Sheryl Kraft, a freelance writer and breast cancer survivor, was born in Long Beach, New York. She currently lives in Connecticut with her husband Alan and dog Chloe, where her nest is empty of her two sons Jonathan. Sheryl writes articles and essays on breast cancer and contributes to a variety of publications and websites where she writes on general health and wellness issues. She earned her MFA in writing from Sarah Lawrence College in 2005.Full Bio
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The word "testosterone" often conjures images of men with well-defined, chiseled muscles, deep voices and energetic libidos.
Testosterone, which belongs to a class of hormones known as androgens, is found in men and made primarily in their testicles. In addition to its effects on muscles and libido, it plays a vital role in things like mood, production of sperm and where fat is stored in the body.
But testosterone doesn't belong only to men. The hormone is also found in women, where it's manufactured in their ovaries and adrenal glands, though in much smaller amounts than in men.
Learn about the reality of testosterone therapy.
This mostly male hormone plays a delicate balancing act: Too much testosterone in boys can bring on premature puberty; too little can result in delayed puberty. Too little in men can result in fatigue, decreased sex drive and irritability.
Hormone levels continually change, rising and falling even by the minute. Testosterone levels typically decline with age, both in men and in women. But sometimes, the balance shifts in the opposite direction, and testosterone, rather than drop, will climb.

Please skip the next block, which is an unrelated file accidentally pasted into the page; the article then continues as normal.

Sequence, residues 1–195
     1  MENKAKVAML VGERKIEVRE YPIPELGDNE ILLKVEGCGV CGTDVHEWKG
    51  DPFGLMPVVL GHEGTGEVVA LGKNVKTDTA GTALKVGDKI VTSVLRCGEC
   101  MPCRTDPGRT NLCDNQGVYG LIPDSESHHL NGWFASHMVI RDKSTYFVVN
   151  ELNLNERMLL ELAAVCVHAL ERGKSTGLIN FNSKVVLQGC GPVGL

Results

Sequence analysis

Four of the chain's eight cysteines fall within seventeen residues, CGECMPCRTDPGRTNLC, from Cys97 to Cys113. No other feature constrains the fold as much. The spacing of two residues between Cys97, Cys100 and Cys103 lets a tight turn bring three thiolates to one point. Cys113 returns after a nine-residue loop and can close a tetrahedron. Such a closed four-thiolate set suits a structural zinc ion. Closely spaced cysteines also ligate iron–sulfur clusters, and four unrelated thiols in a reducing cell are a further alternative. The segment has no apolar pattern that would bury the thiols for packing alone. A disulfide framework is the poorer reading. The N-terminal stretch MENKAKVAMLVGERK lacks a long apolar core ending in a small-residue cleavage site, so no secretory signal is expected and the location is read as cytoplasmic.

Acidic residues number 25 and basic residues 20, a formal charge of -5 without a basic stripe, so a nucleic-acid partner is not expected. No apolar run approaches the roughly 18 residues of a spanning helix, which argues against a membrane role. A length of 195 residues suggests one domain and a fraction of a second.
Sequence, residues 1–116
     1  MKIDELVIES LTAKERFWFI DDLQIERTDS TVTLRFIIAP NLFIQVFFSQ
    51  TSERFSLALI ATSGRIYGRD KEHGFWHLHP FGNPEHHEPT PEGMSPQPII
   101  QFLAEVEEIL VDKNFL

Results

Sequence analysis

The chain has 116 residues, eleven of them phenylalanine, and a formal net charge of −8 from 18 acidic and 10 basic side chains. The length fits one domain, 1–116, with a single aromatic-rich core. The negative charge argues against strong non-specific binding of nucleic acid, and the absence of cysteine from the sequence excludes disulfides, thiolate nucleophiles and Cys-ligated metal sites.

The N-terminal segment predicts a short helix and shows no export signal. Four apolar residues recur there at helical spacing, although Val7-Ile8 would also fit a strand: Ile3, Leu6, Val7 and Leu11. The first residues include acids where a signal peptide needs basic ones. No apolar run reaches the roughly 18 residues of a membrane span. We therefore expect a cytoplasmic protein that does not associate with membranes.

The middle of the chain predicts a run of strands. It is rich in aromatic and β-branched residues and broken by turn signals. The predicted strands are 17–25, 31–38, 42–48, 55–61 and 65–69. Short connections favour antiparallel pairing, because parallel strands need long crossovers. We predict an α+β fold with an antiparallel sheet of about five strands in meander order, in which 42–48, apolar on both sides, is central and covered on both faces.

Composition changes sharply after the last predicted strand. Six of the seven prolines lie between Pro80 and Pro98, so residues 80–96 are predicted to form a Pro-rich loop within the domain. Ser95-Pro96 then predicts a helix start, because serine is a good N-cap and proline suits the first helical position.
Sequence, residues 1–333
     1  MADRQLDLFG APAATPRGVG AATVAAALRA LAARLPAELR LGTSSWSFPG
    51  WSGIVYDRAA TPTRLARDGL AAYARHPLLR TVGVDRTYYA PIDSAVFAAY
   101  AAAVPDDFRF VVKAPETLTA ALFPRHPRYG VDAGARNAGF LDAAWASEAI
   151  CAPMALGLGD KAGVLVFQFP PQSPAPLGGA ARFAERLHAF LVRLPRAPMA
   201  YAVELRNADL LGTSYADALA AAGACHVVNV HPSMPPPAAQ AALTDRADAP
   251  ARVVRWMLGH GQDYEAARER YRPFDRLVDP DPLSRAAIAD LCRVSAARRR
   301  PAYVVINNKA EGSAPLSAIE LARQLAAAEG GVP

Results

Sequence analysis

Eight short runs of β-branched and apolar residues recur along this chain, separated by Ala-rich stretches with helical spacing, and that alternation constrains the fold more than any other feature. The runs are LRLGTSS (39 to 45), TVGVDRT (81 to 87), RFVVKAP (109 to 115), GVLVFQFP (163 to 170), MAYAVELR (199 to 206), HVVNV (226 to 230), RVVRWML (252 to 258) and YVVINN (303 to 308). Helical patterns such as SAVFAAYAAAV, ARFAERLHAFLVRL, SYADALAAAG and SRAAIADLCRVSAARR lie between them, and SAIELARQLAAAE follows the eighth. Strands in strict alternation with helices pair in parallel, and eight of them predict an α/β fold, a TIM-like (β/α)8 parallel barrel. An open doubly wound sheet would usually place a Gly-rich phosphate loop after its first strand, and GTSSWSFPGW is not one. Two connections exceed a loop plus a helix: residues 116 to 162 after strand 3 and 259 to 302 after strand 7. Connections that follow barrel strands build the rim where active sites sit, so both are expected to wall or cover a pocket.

Excess testosterone can cause unwanted effects and troubling symptoms for women, including:
- Menstrual irregularity or absence of periods
- Excess body hair
- Hair growth on chin or upper lip (hirsutism)
- Enlarged clitoris
- Balding, especially around the hairline
- Increased muscle mass
- Changes in body shape
- Decreased breast size
- Oily skin
- Deepening of the voice or hoarseness
Research has found a possible correlation in midlife women between high levels of both testosterone and estrogen and the risk of developing uterine fibroids, which are benign tumors of the uterus.
Polycystic ovary syndrome (PCOS), which can lead to infertility, can result in high levels of testosterone. About 10 percent of women with high testosterone levels also have PCOS.
If you suspect high testosterone, talk to your health care provider, who can perform a physical examination and laboratory tests, depending on your symptoms, for confirmation.
A woman with high testosterone may choose to treat the symptoms alone (like using an anti-acne medication or a serum to boost hair growth). There are also medical treatments—depending on the cause of the excess androgen production— which include surgery, or oral contraceptives alone or in combination with antiandrogens, or other combinations of hormone therapy.